Hogan, back from Israel, sees promise for ventures

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Maryland Gov. Larry Hogan said one result of his trip is a five-year extension of the collaboration between the University of Maryland, Baltimore, and Hebrew University of Jerusalem. Photo by Daniel Schere.

A state trade mission to a foreign country rarely results in an iconic image. But Maryland Gov. Larry Hogan achieved that during a weeklong visit to Israel last month.

A photo of Hogan, a green kippah on his head, eyes closed in prayer at the Western Wall, made the rounds on social media and caused some confusion about the governor’s religious affiliation.

“We put it on Facebook, and several people said ‘I didn’t even know Gov. Hogan was Jewish,’” the Republican governor said. “I was praying pretty devoutly and people got confused.”

Seated in his office in Annapolis for an interview last week, Hogan was amused at the confusion, although he said the hopes embedded in those prayers were serious.

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“I prayed for the nation of Israel and the Israeli people,” he said. “I prayed for the people of Maryland and that we could further our wonderful relationship together. And I prayed for a cure for cancer, and for a cure for cancer victims and their families around the world.”

Hogan, 60, said he is feeling “terrific” after finishing his final round of chemotherapy on Oct. 3. He called it largely a preventative measure to make sure the non-Hodgkin’s lymphoma he was diagnosed with in 2015 does not return.

Atop his desk was a model Southwest Airlines jet decorated with the design of the Maryland flag. His trip to Israel was his second overseas trade mission since becoming governor last year. With a 71 percent approval rating in a state dominated by Democrats and several new businesses and academic partnerships coming from his Israel trip, Hogan had much to be pleased about.

“In Israel, it was like [being welcomed back by] an old friend, because Maryland and Israel have had a tremendous relationship for so many years. Our goal was to solidify it and make it better and stronger,” he said.

One result of the trip is a five-year extension of the collaboration between the University of Maryland, Baltimore, and Hebrew University of Jerusalem. The new agreement will lead to additional student and faculty exchanges as well as joint research opportunities, Hogan said.

“That was an extension of an already existing relationship, and we’re just hoping to make it even more fruitful,” he said. “Both the leadership of Hebrew University and University of Maryland, Baltimore, President [Jay Perman] were thrilled with the already-in-place relationship and they were excited about expanding.”

Hogan said he also expects partnerships to form between Maryland’s universities and Ben-Gurion University of the Negev, which has a cybersecurity lab.

“They’ve become the cyberhub of Israel and Maryland is the cyberhub of America, so we think there’s a lot of synergy and things that we can work on together,” he said.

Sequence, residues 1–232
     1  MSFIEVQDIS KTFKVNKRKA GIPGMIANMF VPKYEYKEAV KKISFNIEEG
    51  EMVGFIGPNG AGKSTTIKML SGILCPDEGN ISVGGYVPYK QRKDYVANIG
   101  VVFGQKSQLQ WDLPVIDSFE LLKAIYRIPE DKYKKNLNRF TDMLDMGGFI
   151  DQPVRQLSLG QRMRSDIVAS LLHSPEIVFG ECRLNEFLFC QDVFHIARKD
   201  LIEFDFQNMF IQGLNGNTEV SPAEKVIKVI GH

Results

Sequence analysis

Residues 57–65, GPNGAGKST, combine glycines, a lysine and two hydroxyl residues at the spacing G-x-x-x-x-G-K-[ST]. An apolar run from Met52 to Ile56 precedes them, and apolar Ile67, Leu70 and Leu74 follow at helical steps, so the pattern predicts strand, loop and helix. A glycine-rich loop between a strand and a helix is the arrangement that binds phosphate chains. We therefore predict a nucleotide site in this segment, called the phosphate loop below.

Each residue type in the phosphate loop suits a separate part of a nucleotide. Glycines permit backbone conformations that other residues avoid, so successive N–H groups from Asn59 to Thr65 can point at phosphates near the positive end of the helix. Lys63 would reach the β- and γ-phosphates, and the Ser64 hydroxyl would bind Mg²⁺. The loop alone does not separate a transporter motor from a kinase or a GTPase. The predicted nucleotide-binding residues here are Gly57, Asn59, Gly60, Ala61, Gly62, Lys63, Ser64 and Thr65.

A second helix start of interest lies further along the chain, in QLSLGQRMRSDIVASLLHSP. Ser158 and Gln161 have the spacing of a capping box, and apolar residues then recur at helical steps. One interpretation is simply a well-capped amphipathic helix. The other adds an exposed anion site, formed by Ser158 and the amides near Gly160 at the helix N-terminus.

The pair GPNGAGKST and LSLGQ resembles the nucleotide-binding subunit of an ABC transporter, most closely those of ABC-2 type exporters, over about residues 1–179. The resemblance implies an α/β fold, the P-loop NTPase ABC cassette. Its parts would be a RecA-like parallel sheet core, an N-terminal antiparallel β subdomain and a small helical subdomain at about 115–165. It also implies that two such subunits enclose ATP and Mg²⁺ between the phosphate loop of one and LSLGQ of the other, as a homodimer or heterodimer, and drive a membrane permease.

An immediate result of the trip is a partnership between the Israeli company Cyberbit and Baltimore’s Electronic Technology Associates. Hogan said it will create 100 jobs with the creation of a cybersecurity training center in Baltimore.

Hogan said, overall, the Israel mission will have a more short-term impact on Maryland than last year’s mission to Asia, which included stops in South Korea, China and Japan. The biggest outcomes of that trip were small-business partnerships and an investment by the Japanese in studying the potential for a high-speed rail line between Baltimore and Washington, similar to Japan’s Maglev train.

While the Asia agreements could take years to bear economic fruit locally, partnerships with Israeli companies will begin within the next year, Hogan said.

Israel has an established presence in Maryland, with 24 Israeli companies doing business here.

Hogan said Israeli Prime Minister Benjamin Netanyahu was not available to meet with the Maryland delegation. The governor was scheduled to meet with former President Shimon Peres. But Peres had a stroke during the trip; he died the day after Hogan left.

“[Peres] was a tremendous leader and a peacemaker that I was looking forward to having the honor of meeting, and it’svery sad,” Hogan said.

Hogan has distanced himself from Republican presidential nominee Donald Trump and has declined to endorse him. With less than a month until Election Day, Hogan said he plans to stay out of the current national political fray.

“We’re staying focused on Maryland. It seems like that’s what most people want us to do,” said Hogan, who during the primary season endorsed New Jersey Gov. Chris Christie. “The people of Maryland didn’t elect me to be a national political pundit or a partisan Republican activist.

“I’m not thrilled with either candidate in the race,” he said, referring to Trump and Democratic nominee Hillary Clinton. “I’m telling people to vote their conscience.”

dschere@midatlanticmedia.com

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